Coconut Fat For Health

Coconut fat is a very popular fat in the food industry. Coconut fats are – in addition to palm fat – also used in the household as frying, baking, and deep-frying fats. We explain the difference between coconut fat and coconut oil and show you how to recognize good quality when buying coconut fat and coconut oil.

The way from white pulp to copra

The coconut palm bears fruit all year round, so ripe or unripe coconuts can be harvested at any time. The coconut offers very different products, such as coconut water, the sweet, almost clear liquid of the young, i.e. green and unripe, harvested coconut. Coconut water can serve as a drinking water substitute.

There is about a liter of coconut water inside the immature coconut. The riper the coconuts are, the less coconut water there is in the fruit of the coconut palm.

The cavity of the coconut is lined with a white, aromatic pulp. As the coconut matures, this layer becomes thicker and the flesh drier. When dried it is called copra.

The fresh flesh of the coconut contains up to 50% water. Drying before further processing reduces the water content to around 5%. The fat content of copra is between 60% and 70%.

Coconut fat and coconut oil: the difference

Coconut oil, also known as coconut fat, is then extracted from copra. The coconut fat can be solid or liquid – depending on the ambient temperature. Below approx. 23 degrees it remains white and solid and is then called coconut fat, above 23 degrees it becomes clear and liquid and is called coconut oil in this state.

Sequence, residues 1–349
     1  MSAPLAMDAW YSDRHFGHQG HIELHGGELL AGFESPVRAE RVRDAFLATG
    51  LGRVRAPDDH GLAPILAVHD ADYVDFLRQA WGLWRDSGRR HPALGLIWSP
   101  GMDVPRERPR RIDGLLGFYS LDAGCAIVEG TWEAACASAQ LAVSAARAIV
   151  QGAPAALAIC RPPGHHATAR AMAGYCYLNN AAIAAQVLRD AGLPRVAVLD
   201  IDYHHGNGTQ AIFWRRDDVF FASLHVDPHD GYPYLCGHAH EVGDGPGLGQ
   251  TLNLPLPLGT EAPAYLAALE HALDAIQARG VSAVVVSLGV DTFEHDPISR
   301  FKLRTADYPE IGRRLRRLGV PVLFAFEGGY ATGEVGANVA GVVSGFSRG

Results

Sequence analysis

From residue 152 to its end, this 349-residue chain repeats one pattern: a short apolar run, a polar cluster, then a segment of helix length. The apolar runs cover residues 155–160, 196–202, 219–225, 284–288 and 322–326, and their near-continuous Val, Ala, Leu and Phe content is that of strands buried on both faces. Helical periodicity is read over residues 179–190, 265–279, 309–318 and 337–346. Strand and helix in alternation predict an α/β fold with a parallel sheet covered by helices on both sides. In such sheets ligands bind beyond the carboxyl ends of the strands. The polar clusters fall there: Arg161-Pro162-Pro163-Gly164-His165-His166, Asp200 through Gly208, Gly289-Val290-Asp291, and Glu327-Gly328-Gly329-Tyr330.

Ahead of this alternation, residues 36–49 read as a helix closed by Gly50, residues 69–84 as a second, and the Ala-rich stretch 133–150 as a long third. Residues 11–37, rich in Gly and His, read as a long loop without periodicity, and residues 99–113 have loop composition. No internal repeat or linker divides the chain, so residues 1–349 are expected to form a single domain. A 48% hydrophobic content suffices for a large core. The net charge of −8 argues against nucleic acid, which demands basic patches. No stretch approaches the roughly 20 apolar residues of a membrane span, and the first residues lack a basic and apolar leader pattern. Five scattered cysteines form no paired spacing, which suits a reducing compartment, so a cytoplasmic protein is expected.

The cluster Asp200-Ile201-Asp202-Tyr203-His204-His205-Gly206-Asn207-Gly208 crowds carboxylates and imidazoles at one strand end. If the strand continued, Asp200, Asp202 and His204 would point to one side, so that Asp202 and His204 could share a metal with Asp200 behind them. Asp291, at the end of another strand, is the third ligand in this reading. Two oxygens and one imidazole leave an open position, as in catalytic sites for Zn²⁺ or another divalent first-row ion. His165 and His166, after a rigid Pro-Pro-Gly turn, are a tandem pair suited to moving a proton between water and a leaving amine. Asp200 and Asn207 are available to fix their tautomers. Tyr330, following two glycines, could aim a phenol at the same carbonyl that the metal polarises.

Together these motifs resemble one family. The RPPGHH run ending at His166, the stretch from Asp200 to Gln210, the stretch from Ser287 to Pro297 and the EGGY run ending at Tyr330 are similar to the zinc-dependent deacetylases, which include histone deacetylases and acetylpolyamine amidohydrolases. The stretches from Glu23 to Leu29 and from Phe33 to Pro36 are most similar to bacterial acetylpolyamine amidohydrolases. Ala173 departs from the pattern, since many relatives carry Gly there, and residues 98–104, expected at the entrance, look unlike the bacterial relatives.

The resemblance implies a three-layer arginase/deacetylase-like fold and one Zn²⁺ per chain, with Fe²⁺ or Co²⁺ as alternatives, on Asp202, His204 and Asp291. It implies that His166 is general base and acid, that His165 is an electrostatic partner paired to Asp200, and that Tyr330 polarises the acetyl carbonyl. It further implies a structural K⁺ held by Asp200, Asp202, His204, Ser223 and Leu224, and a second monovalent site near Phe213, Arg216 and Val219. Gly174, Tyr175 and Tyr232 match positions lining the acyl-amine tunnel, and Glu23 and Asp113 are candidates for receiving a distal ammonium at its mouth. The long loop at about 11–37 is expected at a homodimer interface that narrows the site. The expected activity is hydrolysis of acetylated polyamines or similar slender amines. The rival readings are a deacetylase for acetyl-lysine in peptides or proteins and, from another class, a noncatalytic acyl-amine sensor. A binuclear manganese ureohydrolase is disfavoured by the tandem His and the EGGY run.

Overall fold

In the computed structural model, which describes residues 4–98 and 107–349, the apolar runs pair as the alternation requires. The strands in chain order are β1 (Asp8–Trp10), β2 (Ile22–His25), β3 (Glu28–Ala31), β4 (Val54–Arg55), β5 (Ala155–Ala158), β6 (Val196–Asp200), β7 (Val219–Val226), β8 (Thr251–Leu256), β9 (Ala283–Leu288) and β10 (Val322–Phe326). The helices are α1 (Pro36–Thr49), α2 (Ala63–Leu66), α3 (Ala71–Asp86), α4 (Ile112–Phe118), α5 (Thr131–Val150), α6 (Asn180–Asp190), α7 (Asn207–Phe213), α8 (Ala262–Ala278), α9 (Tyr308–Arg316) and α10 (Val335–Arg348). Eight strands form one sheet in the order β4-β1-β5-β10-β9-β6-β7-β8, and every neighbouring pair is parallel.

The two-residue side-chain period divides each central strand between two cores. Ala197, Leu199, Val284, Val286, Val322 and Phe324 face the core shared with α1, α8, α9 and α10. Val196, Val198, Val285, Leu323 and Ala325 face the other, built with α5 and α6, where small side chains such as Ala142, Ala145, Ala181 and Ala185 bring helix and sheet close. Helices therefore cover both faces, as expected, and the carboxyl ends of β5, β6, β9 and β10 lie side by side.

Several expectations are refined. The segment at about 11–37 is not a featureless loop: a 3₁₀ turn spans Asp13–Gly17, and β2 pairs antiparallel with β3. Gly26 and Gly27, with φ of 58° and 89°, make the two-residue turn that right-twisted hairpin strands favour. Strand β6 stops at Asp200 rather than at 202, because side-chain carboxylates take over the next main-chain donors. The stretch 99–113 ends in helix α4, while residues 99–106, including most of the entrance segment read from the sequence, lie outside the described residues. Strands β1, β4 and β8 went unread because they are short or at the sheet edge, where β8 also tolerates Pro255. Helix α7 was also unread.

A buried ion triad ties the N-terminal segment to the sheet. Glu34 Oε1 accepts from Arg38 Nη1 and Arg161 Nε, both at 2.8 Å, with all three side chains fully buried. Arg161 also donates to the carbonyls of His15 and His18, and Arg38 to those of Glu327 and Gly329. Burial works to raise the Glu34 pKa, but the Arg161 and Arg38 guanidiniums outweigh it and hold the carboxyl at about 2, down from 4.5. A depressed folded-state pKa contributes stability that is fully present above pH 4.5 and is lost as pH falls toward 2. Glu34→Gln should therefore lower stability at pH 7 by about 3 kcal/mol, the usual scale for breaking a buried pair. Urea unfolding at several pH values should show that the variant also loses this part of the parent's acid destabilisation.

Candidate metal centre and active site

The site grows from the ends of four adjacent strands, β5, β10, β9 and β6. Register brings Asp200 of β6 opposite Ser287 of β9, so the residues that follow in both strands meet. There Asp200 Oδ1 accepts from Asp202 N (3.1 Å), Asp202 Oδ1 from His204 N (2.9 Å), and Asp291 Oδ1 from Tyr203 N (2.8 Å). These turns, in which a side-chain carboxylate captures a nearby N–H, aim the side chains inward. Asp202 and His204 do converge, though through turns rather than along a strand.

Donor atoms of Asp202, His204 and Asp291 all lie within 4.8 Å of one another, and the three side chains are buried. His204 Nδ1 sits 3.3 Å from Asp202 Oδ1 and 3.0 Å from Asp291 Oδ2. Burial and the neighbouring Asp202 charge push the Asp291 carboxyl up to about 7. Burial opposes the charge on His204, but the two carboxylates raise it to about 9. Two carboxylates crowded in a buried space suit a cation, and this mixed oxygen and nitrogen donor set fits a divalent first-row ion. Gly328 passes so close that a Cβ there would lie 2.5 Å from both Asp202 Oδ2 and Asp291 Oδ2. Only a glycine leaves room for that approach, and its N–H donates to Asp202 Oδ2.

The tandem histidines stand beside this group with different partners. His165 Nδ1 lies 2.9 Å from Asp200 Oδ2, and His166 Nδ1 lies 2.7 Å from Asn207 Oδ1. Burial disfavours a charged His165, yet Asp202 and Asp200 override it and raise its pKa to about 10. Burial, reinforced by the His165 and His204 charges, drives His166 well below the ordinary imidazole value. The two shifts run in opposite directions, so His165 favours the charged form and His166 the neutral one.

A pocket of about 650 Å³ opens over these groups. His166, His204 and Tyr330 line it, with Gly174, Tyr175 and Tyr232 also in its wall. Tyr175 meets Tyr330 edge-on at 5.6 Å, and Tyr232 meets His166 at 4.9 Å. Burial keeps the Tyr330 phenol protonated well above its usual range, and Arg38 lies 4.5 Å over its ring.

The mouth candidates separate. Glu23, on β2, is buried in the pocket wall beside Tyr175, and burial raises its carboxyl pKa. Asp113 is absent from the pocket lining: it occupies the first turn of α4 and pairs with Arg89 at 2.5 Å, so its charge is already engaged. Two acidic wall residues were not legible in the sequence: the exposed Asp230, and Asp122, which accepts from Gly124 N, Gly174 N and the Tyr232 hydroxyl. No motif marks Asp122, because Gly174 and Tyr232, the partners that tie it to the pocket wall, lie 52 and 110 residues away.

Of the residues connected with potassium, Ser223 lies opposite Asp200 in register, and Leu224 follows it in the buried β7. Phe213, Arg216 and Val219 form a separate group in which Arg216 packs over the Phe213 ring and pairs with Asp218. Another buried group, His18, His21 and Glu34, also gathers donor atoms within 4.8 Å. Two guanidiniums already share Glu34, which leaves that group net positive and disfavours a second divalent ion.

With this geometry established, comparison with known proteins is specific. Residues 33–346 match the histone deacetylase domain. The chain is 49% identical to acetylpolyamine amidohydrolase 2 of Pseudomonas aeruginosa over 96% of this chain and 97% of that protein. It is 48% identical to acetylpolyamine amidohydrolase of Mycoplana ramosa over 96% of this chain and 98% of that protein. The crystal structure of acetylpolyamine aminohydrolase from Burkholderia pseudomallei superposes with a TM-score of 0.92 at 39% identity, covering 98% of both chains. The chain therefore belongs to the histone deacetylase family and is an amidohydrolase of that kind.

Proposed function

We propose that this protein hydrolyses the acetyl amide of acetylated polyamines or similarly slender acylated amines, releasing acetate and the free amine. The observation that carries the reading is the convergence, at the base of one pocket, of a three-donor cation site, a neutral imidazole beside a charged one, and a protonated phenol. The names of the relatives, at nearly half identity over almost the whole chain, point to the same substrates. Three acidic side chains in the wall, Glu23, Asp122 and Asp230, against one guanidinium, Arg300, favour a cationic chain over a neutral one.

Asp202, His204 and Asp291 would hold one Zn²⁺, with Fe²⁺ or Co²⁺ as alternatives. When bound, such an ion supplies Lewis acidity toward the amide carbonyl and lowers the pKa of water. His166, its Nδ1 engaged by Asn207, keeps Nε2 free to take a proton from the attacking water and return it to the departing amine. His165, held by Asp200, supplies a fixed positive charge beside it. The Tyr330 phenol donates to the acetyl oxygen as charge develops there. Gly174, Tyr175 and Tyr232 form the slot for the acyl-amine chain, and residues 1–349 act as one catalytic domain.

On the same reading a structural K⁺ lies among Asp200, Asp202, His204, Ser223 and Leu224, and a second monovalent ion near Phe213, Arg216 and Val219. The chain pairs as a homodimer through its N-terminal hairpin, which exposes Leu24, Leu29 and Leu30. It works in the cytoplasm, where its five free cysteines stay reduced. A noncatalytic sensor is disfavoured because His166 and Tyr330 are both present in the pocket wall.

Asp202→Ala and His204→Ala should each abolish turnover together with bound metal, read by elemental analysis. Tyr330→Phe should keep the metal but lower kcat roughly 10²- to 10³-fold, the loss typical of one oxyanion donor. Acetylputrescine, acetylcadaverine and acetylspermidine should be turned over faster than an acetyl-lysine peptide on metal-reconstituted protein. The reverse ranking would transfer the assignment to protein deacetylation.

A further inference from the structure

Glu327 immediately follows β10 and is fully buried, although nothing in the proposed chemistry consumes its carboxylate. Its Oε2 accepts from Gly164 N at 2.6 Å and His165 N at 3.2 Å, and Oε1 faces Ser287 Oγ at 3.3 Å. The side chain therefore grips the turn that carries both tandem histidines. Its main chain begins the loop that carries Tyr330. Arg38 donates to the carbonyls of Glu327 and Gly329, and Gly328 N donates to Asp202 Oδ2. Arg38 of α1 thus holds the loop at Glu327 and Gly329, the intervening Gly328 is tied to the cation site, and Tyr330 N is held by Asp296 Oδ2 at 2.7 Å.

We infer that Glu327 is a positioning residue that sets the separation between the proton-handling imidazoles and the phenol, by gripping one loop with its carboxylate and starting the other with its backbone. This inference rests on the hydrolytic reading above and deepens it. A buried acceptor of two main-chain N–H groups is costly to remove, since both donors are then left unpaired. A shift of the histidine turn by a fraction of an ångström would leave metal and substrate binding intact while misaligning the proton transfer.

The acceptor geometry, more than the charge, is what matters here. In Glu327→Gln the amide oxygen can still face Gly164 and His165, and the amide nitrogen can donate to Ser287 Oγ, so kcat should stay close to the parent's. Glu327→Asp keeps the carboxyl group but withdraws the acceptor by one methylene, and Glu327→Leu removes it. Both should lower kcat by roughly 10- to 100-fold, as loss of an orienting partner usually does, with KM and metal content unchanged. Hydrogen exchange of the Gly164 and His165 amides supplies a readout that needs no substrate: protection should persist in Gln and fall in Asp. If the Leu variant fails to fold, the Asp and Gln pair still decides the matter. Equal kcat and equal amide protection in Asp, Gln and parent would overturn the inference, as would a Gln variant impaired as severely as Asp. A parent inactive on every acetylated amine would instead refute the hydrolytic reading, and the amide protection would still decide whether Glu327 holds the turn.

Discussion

However, it is noticeable that in the trade the term “coconut fat” is often used for the inexpensive, heavily processed, i.e. refined, hardened, and quite tasteless baking and frying fats. They are often offered in plate form (plate grease) or in block form and have a very long shelf life.

Coconut oil, on the other hand, is often used to describe high-quality coconut oils of extra virgin quality. They are usually bottled in jars, unrefined, and have an aromatic coconut flavor.

But there are also differences in the area of ​​coconut oils. Here, too, there are higher and lower qualities, so the above (rather arbitrary) definition does not always apply. Because coconut oil can be made from coconut meat that has been stored for a long time at high temperatures and bleached. However, it can also be pressed from fresh coconut meat at low temperatures and sold unbleached. This high-quality coconut oil is not pure white but can be cream-colored or marbled.

Organic coconut fat, the best coconut fat

An organic seal also indicates very good quality for coconut fats and coconut oils, which starts with cultivation. In addition to the benefits for the environment, organic farming also has positive aspects for the farmers in coconut-growing countries. In conventional coconut plantations, artificial fertilizers are used to accelerate the growth of the coconut palms, while organic farmers rely on coconut fibers rich in potassium and natural fertilizers.

Organic coconuts are not produced in monocultures but grow in mixed cultures with pineapples or bananas. If the products made from organic coconuts are also offered from fair trade, this protects the social situation of organic farmers and guarantees them social working conditions and a higher price when purchasing their coconuts.